Biorefinery, Company initiatives, Investments, Processing, R&D

Global Bioenergies commercialization in momentum

France-based renewable chemicals company, Global Bioenergies, has speeded up its commercialization plans as it sets up its new industrial fermentation pilot unit in Pomacle, France, which is expected to be commissioned by the end of September, and be ready for a first fermentation run producing bio-based isobutene by the end of the year.

The pilot plant has a maximum capacity of 10 tons/year and will focus on the production of methacrylic acid using bio-based oxidation-grade isobutene in collaboration with Arkema. Global Bioenergies said it is currently producing kilograms of bio-isobutene at its site in Evry using a conventional fermentation pilot, which was adapted for isobutene production.  The new fermentation unit in Pomacle will go through the mechanical and functional commissioning by the end of September.

The company has also recently signed a contract with the Fraunhofer Center for Chemical Biotechnological Processes for the commissioning and the operation of Global Bioenergies’ second industrial pilot plant to be built on the Leuna, Germany, refinery site.  The pilot facility has two 5,000 liter-fermenters and a complete purification system, which is designed for a production capacity of up to 100 tons/year producing high-purity isobutene usable for the manufacturing of plastics and elastomers as well as drop-in biofuels such as isooctane.

It has chosen Linde Group to carry out the engineering of the pilot plant at the Leuna site. It has also been granted a EUR5.7 million from the German Ministry of Research for the project.  Early this year, it has partnered with German car manufacturer, Audi, on the development of isobutene-derived isooctane, a high-performance biofuel for gasoline engines.  It can be used in any blending ratio with all standard fuels for gasoline motors.  According to Global Bioenergies, bio-isooctane does not present the drawbacks associated with ethanol or isobutanol, which lead to limited blending ratios and lower mileage per liter.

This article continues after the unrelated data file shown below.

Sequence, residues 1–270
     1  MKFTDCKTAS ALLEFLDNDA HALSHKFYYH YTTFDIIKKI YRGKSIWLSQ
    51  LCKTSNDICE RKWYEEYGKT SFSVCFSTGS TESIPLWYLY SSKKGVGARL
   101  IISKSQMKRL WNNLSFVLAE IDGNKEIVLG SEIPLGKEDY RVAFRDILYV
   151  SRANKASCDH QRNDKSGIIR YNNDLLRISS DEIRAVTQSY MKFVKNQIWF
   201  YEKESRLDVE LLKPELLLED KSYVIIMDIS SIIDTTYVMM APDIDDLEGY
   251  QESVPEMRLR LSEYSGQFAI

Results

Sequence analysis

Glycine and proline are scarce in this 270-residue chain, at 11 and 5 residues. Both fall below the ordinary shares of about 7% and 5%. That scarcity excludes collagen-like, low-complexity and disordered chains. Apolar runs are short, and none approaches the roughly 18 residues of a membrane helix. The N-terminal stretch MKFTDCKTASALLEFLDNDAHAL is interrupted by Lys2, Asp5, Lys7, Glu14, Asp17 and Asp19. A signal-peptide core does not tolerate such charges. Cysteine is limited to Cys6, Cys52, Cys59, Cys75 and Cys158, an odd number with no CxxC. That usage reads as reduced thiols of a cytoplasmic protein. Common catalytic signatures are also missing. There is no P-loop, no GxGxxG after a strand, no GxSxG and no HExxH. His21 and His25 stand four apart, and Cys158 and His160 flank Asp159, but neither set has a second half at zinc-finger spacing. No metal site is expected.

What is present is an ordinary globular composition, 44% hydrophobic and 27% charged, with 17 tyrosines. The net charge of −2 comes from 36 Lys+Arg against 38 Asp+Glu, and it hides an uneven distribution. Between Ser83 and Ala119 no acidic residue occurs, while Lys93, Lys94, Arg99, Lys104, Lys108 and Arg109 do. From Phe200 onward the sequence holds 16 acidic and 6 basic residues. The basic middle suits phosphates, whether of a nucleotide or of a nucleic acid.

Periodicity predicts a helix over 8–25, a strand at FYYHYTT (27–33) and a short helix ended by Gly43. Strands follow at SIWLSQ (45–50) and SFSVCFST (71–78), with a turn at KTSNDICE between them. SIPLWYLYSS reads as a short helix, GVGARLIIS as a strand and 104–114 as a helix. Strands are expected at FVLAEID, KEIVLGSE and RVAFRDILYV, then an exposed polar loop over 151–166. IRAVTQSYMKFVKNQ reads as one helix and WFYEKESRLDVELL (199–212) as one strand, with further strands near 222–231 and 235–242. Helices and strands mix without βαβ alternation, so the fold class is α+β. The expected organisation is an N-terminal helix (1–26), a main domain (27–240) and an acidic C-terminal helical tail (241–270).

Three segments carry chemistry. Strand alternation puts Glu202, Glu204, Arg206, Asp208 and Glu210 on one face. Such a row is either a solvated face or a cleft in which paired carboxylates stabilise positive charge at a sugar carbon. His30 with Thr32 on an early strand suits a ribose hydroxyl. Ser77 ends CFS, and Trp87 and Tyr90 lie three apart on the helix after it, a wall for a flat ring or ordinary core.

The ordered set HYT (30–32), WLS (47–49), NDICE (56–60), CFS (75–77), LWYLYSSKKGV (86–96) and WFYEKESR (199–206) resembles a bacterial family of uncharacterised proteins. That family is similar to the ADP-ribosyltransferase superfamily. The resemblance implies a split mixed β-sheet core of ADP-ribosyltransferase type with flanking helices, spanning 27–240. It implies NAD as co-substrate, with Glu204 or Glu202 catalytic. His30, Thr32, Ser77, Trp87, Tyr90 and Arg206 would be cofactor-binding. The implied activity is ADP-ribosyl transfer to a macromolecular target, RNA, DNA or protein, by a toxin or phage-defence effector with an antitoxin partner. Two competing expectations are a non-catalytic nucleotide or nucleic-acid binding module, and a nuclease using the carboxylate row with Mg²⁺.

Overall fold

In May, the company has secured a EUR3 million equity line from Yorkville Advisors, a US-based investor, for over a period of 3 years. The funds will mainly finance the industrialization of its isobutene process along with the development of the its butadiene and propylene programs, as well as the launch other new research programs such as ethylene, n-butene and isoprene.

The company has been collaborating with Synthos for the production of bio-butadiene in rubber application.  The company said it could also partner with other companies looking at bio-butadiene for other applications such as in the manufacture of ABS plastics, in carpet backing, in coatings and in nylon production.  Global Bioenergies recently received a patent approval from the US Patent Office relative to its bio-based butadiene process. It has also received two patents in Australia that cover the isobutene process as well as other, more generic aspects of the production of bio-sourced olefins and associated intermediate.

The company is looking to license its bio-isobutene processing technology as soon as 2015 and if everything runs smoothly, estimates the possibility of a commercial plant that could start around 2018 by one of its licensees.

Future fermentation facilities of Global Bioenergies in Leuna, Germany, which will have a capacity of 100 tpy of polymer-grade isobutene.

Photo Source: Fraunhofer

About Doris de Guzman

Will Green Chemistry save the world or is it hype? Doris de Guzman examines alternative processing, new technology, R&D and other sustainability initiatives aimed at preventing pollution; replacing ingredients; and using renewable feedstocks in Green Chemistry. She has been covering the oleochemicals market for 15 years and spread her beat to inorganics, biofuels and green chemistry.


2 Responses to “Global Bioenergies commercialization in momentum”

  1. Who is the closest to manufacture a bio based acrylic acid commercially?

    Who are the players in this area?

    When will it be available commercially in the future?

    Posted by Paul Borucki | December 9, 2014, 3:10 pm
  2. Hi Paul,
    Development in the bio-acrylic acid seems to be lagging a bit. OPX/Dow are still on it as well as BASF/Cargill/Novozymes. Novomer (CO-to-acrylic) has also been developing this in a different route. ADM has a pilot plant.

    Best Regards,

    Posted by Doris de Guzman | December 9, 2014, 3:19 pm

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